Changes could be on the horizon in South Carolina regarding the procedure for life insurers seeking to cancel policies due to material misrepresentations in the application. The South Carolina Legislature is considering adding a provision to the insurance code providing that cancellation cannot occur unless (a) there is a mutual cancellation agreement signed by all parties, or (b) the insurer initiates legal proceedings for annulment. This is consistent with the South Carolina Department of Insurance’s statement in Bulletin #2019-02 that unilateral terminations are prohibited under South Carolina law.
But the bill goes further. In its current form, if a life insurer wishes to terminate without initiating legal proceedings, it can send a letter to the policyholder or beneficiary by certified mail stating the basis for termination, but the letter must also include a disclosure of the rights, including the right to sue and seek legal advice. A premium refund check should accompany the letter, and wording should be included clearly stating that negotiation of the check signifies agreement to terminate the policy and that no death benefit will be payable. There was a debate in the Legislative Assembly about the level of detail that will be required regarding the perceived misrepresentations in the application and the basis for deciding that they were false.
The proposed legislation is reflected in House Bill H.4220 and Senate Bill S.744. The latest news on this legislation is that the House Labor, Trade and Industry Committee has advanced the bill out of committee to the full House for consideration, but many members of the House have demanded a debate, which resulted in the bill being put on the contested schedule. This will stall the bill and, as it is already March, it is unlikely that the bill can pass through both houses of the Legislative Assembly before they adjourn for the year. As this is the second year of a two-year session, the process of this legislation is expected to start all over again when the legislature reconvenes in 2023. Insurers should continue to monitor these bills , in case the legislature is able to push through before that term ends in May 2022.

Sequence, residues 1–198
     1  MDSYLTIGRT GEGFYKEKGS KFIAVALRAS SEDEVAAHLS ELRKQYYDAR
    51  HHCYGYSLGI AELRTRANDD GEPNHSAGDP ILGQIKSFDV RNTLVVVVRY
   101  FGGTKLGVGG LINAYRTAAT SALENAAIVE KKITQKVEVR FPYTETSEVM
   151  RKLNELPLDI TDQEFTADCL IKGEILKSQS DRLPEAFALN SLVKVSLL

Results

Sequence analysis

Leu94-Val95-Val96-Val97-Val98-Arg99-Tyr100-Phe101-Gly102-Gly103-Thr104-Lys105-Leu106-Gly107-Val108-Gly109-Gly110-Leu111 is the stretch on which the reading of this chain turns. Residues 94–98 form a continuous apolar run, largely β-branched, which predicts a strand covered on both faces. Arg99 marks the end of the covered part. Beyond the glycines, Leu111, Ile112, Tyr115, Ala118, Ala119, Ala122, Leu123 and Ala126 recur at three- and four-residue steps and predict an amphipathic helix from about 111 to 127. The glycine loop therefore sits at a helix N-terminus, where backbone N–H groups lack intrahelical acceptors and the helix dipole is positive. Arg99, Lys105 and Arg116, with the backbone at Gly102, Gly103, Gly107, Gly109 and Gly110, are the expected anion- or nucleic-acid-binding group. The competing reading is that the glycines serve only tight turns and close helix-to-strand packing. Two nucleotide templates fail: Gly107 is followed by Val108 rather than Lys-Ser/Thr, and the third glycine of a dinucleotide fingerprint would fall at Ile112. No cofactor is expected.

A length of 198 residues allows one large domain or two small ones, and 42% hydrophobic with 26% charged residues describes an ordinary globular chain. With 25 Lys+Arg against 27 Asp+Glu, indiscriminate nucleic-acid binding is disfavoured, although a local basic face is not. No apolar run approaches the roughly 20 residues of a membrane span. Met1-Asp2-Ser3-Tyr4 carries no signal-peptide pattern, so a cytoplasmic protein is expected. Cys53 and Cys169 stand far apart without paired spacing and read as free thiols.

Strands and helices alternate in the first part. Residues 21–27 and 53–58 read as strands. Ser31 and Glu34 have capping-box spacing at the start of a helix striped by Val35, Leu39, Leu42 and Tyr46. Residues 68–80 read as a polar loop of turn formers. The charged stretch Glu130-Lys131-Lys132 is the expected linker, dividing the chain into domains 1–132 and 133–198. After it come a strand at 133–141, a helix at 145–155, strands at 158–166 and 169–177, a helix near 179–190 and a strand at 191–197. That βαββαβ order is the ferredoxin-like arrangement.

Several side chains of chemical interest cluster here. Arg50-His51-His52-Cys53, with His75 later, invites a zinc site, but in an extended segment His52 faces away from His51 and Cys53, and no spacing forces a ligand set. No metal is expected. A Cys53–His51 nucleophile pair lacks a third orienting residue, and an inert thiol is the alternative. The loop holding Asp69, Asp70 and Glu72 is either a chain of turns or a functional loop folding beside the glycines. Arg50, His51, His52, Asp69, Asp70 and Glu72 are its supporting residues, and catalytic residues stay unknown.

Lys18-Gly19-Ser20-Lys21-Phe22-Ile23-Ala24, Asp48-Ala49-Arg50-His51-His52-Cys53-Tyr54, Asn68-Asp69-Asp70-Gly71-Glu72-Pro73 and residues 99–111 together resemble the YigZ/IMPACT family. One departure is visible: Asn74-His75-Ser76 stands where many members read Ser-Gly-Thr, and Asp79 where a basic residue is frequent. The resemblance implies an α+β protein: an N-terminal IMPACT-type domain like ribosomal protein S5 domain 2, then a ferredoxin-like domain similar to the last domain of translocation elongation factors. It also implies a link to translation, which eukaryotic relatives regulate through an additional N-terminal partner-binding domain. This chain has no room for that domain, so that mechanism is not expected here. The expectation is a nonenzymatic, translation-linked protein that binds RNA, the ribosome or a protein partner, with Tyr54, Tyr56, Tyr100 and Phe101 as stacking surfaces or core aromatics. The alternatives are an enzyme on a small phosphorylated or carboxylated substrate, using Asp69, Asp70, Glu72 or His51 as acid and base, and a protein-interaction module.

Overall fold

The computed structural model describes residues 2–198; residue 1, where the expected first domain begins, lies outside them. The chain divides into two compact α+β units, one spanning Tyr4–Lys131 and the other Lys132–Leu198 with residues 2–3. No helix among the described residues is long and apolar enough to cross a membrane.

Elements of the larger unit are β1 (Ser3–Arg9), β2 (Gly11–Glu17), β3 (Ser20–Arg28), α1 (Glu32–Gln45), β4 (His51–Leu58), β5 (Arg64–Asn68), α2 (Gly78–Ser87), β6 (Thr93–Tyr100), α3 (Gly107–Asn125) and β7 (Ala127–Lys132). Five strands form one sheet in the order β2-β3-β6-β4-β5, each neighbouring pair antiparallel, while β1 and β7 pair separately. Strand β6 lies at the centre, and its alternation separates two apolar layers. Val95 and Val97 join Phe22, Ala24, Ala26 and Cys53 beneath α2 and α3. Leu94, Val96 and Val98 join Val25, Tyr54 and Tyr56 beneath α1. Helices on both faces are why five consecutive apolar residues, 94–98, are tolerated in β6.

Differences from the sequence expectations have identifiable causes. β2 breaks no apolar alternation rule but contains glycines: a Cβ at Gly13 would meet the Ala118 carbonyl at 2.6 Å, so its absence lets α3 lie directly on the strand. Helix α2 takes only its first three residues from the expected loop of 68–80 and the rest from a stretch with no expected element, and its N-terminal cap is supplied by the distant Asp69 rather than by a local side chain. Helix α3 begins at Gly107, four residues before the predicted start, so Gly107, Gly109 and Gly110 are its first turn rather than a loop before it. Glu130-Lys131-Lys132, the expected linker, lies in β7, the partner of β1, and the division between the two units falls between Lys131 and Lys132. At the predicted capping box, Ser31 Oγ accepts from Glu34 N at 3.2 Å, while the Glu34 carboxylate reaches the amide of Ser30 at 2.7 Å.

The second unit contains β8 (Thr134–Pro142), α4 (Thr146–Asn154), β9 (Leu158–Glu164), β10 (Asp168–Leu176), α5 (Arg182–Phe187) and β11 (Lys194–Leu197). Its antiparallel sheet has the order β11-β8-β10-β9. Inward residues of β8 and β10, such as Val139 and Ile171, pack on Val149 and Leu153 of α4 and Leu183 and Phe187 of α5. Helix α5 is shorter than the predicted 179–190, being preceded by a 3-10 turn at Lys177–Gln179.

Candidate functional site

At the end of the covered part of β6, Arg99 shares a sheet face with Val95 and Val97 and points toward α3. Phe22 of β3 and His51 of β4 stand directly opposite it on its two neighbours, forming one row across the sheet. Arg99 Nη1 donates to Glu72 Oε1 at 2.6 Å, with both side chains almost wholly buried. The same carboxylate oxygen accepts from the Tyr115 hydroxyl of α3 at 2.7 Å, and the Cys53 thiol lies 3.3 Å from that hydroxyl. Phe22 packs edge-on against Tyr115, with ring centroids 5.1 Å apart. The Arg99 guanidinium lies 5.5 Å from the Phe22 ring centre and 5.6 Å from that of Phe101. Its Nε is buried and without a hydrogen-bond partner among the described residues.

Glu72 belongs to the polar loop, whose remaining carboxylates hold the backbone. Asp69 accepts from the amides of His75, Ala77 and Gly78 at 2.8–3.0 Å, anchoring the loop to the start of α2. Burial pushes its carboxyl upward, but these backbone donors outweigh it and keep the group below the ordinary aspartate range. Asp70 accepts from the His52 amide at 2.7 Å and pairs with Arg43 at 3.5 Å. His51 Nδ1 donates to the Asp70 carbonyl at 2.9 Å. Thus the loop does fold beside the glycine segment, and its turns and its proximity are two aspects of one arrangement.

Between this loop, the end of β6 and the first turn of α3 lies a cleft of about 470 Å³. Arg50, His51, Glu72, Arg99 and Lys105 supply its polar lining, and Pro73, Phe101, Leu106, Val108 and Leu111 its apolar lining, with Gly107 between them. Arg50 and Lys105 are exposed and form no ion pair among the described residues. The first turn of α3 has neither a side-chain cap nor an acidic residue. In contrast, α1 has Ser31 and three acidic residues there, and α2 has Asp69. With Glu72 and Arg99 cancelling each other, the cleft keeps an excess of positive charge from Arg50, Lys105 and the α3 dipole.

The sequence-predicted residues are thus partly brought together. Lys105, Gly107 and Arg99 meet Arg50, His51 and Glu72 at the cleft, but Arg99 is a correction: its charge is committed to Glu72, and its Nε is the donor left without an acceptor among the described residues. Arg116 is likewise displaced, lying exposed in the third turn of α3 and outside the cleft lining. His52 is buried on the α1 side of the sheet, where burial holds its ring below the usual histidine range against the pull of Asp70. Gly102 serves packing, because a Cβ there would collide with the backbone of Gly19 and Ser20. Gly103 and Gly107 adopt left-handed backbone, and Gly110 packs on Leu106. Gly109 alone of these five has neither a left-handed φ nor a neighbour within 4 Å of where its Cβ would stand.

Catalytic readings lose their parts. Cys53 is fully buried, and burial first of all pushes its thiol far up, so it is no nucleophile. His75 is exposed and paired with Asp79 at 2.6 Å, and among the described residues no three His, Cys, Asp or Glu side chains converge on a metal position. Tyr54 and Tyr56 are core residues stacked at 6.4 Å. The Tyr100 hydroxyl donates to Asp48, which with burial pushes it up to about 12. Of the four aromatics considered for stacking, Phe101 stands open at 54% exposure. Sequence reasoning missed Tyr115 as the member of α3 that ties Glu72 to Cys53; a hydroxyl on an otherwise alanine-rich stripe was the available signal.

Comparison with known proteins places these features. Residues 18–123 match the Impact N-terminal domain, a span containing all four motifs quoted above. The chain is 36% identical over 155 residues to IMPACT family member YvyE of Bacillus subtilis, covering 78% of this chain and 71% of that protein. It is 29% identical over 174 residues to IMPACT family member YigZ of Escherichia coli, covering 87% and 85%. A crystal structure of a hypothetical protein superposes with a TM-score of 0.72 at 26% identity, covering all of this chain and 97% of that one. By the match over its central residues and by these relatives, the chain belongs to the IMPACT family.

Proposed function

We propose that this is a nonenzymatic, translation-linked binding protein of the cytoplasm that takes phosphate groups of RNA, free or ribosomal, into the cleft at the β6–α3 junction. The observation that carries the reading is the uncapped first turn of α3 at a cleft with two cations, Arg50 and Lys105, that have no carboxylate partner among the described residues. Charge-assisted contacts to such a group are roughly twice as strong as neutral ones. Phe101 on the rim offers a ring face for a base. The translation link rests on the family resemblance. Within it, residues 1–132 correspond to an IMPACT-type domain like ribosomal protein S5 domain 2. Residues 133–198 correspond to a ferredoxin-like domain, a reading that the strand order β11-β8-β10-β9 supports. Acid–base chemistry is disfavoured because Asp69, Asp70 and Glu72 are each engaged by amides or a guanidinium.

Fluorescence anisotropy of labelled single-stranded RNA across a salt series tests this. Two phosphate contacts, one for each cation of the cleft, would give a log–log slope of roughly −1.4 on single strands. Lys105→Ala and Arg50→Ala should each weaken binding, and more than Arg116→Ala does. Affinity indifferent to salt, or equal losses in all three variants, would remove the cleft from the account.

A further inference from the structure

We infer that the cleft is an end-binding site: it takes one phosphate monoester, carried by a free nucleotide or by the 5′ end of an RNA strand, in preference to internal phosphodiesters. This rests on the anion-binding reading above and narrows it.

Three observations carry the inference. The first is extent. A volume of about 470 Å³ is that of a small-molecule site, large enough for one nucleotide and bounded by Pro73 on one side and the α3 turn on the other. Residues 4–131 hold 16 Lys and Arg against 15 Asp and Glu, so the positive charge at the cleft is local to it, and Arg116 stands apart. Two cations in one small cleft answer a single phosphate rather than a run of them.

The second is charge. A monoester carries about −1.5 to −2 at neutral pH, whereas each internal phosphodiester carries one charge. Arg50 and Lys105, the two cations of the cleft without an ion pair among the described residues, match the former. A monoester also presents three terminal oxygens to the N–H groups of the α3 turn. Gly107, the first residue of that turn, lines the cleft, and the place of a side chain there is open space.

Even without the enactment of the proposed law, life insurers in South Carolina must already avoid unilateral terminations. In the eyes of the Department of Insurance, an insurer would be prohibited from sending a termination letter with a refund check and then taking no further action. There must be some acknowledgment by the policyholder or beneficiary that they agree with the decision to cancel and, for the beneficiaries, that they will accept the refund of the premium in lieu of the benefit of death. In practice, this means that insurers must follow up and ask beneficiaries to sign and return a copy of the letter or a separate mutual termination agreement. Sometimes a letter from a South Carolina attorney can elicit a response. Ultimately, the silence of an insured or beneficiary will necessitate the filing of a declaratory judgment action to set aside, and often the mere service of the complaint helps insureds and beneficiaries understand the seriousness of the situation. , leading to a response to the insurer’s mutual cancellation request. .
Copyright ©2022 Nelson Mullins Riley & Scarborough LLPNational Law Review, Volume XII, Number 74